TV Series Review
It takes guts to be a parent. Anyone who is a parent will tell you that as they're (a) scrubbing crayon drawings off the new flat-screen TV, (b) getting another call from the principal, or (c) raising bail money. Parents may fret about world trade imbalances, the environment health of our planet and what sort of message they're sending by buying a chicken sandwich … but if you want to see them get really stressed, tell them their pride and joy is taking off his shirt and waving it around like a matador cape during snack time.
NBC's Parenthood is based on the 1989 cinematic comedy of the same name and is produced by that film's director, Ron Howard. Don't be expecting a bouncy, one-liner-filled romp this time around, however. The hour-long TV version is much more of a dramedy that unfolds slowly while examining the various frazzled parents who are members of the extended Braverman clan.
Lots has happened since the show premiered in 2010. As we write this latest review update near the beginning of Season 6 (reportedly the last one), Adam and Kristina are raising a boy with Asperger's syndrome, and their grown daughter Haddie is in a same-sex relationship. Single mom Sarah, who's dating divorcé Hank, is now responsible for two grown children, with one of them, Amber, pregnant and preparing to raise a baby of her own—on her own. (Her one-time fiancé is out of the picture.) Julia and hubby Joel are on the edge of divorce, even though they both still seem to care about each other. Crosby, married and a father himself, tries to come to terms with being a grown-up. And while Zeek and Camille are the patriarchs who helm this motley yet lovable crew, the deck of their own marital ship is not always so stable either.
Need a few more curveballs to go flying into the backstop? Try to put a glove on cancer, puberty, drug abuse, high school sex, marital infidelity and abortion. Every trial and moral quandary possible to mankind seems fair game here.
That's a lot for one show to handle. And, frankly, Parenthood doesn't always do the best job of keeping all those moral and relational juggling pins up in the air. Sure, it adequately illuminates how messy family dynamics can be: The parents we see are flawed (good television-based role models went out with The Cosby Show) but filled with the very best of intentions. Everyone wants to do right by their kids … they just don't quite have a handle on what "doing right" involves. Parenthood pounds no lesson harder than "Wow! Being a parent sure is hard," as if the parents were in some sort of touchy-feely childrearing class where good grades are given just for trying.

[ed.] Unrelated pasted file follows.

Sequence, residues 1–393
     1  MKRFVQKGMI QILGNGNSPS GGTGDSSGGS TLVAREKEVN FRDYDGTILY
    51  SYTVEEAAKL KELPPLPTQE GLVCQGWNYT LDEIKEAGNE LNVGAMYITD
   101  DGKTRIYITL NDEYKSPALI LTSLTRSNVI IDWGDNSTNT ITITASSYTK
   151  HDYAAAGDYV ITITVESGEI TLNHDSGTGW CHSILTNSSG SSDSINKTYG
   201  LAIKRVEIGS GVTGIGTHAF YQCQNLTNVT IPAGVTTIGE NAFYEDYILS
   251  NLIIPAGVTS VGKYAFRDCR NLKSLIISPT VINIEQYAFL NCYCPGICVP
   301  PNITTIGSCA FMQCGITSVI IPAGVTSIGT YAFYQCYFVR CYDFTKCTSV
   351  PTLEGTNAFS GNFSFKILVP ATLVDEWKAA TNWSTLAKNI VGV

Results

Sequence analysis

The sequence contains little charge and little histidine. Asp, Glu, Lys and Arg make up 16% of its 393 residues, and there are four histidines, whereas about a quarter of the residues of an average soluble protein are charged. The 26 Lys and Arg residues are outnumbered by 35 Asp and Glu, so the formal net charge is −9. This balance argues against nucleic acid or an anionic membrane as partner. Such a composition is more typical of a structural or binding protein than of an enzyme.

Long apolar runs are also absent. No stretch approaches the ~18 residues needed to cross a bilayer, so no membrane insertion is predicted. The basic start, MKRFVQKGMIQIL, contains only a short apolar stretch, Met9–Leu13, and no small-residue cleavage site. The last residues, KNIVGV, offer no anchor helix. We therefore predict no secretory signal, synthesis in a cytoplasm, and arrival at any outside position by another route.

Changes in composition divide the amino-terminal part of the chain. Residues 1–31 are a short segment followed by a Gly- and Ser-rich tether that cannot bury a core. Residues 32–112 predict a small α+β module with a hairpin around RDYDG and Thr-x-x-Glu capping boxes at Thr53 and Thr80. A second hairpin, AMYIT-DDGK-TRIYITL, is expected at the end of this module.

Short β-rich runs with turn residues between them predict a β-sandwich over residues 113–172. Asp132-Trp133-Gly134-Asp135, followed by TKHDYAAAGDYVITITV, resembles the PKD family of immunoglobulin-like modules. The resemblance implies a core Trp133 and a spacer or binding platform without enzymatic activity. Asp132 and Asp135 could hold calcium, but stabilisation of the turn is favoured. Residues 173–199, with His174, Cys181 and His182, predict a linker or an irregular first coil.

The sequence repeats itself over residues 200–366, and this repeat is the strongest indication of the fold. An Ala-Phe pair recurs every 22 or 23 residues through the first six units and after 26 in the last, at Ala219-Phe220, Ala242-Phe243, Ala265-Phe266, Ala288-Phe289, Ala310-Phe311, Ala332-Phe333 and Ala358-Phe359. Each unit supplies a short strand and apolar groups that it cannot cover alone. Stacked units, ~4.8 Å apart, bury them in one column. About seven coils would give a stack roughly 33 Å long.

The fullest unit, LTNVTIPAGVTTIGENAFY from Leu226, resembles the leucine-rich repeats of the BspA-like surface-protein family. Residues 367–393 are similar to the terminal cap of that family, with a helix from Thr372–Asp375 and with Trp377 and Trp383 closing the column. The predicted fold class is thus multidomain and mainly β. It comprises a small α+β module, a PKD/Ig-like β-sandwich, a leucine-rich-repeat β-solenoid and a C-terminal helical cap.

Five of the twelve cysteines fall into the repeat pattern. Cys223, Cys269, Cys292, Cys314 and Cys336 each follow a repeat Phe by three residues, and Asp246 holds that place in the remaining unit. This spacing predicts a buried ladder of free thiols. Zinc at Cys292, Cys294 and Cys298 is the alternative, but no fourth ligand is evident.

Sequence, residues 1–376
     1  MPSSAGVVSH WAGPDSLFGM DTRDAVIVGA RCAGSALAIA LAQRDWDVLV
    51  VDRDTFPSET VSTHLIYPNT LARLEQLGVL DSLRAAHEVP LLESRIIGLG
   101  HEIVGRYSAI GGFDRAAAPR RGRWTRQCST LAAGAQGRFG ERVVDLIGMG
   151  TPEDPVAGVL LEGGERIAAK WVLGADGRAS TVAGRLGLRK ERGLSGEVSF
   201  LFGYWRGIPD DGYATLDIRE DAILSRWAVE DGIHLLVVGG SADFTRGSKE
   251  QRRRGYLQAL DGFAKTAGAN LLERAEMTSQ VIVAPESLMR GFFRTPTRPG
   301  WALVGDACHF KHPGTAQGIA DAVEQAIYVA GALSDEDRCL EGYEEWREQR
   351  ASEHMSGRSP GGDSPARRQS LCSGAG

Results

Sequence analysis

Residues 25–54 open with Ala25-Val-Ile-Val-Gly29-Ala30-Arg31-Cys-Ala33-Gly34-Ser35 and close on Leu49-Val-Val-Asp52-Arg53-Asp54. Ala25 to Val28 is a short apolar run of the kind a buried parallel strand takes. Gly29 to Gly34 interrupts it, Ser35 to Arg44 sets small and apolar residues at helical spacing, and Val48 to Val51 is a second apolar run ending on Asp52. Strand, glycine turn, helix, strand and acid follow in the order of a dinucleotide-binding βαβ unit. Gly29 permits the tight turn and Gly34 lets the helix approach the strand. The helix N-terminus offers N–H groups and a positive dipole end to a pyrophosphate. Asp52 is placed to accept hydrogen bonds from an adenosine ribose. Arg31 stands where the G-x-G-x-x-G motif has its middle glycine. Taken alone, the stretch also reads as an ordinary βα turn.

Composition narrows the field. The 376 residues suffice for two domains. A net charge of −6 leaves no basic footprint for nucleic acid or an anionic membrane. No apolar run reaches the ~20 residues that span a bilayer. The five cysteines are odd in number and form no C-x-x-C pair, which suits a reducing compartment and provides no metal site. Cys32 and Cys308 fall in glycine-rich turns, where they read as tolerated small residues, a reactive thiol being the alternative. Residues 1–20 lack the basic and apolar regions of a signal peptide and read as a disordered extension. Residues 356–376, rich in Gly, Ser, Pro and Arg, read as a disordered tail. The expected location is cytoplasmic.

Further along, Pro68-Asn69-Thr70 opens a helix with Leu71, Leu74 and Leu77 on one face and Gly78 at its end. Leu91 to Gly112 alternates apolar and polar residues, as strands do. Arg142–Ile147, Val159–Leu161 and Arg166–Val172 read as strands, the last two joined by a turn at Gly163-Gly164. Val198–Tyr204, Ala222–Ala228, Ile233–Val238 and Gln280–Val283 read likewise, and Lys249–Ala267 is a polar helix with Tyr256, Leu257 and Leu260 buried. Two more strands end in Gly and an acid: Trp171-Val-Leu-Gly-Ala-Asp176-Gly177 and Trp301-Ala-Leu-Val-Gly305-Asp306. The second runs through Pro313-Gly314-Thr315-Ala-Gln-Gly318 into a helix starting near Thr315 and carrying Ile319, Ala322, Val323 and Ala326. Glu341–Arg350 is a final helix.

Yes, the Bravermans are likeable enough. Yes, they mean well. Yes, they love their children in their own ways, and that's really encouraging in context. Yes, the writing here is crisp and multilayered, and the family dynamics we see may feel very—perhaps even too—realistic. Yes, snippets of dialogue seem pulled right from dining room tables across the country. But this particular tribe hasn't fully grasped the idea that raising children well requires more than love and good intentions. It requires patience, discipline, perspective and an ever-firm but ever-flexible game plan. And it requires parents to be, most importantly, good, living role models—templates from which their children can see how adulthood does (or at least should) work.
Even that doesn't guarantee success, of course. Parenting is as much art as science. But it helps.
Crude or Profane Language
Drug and Alcohol Content
Other Negative Elements
Other Belief Systems
Readability Age Range
Peter Krause as Adam Braverman; Monica Potter as Kristina Braverman; Erika Christensen as Julia Braverman-Graham; Dax Shepard as Crosby Braverman; Sarah Ramos as Haddie Braverman; Lauren Graham as Sarah Braverman; Craig T. Nelson as Zeek Braverman; Bonnie Bedelia as Camille Braverman; Sam Jaeger as Joel Graham; Savannah Paige Rae as Sydney Graham; Joy Bryant as Jasmine Trussell; Miles Heizer as Drew Holt; Mae Whitman as Amber Holt; Tyree Brown as Jabbar Trussell; Jason Ritter as Mark Cyr; Xolo Mariduena as Victor Graham